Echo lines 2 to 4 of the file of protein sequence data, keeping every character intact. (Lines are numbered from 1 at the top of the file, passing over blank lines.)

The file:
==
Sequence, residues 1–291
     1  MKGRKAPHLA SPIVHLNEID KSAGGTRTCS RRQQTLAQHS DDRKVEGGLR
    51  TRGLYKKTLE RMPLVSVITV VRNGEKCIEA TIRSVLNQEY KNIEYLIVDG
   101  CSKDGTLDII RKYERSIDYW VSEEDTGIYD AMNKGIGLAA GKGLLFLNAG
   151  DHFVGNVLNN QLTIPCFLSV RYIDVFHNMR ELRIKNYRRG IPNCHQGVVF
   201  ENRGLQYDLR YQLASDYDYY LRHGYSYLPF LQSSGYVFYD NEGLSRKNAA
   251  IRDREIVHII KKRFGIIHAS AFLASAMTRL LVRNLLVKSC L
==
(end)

     1  MKGRKAPHLA SPIVHLNEID KSAGGTRTCS RRQQTLAQHS DDRKVEGGLR
    51  TRGLYKKTLE RMPLVSVITV VRNGEKCIEA TIRSVLNQEY KNIEYLIVDG
   101  CSKDGTLDII RKYERSIDYW VSEEDTGIYD AMNKGIGLAA GKGLLFLNAG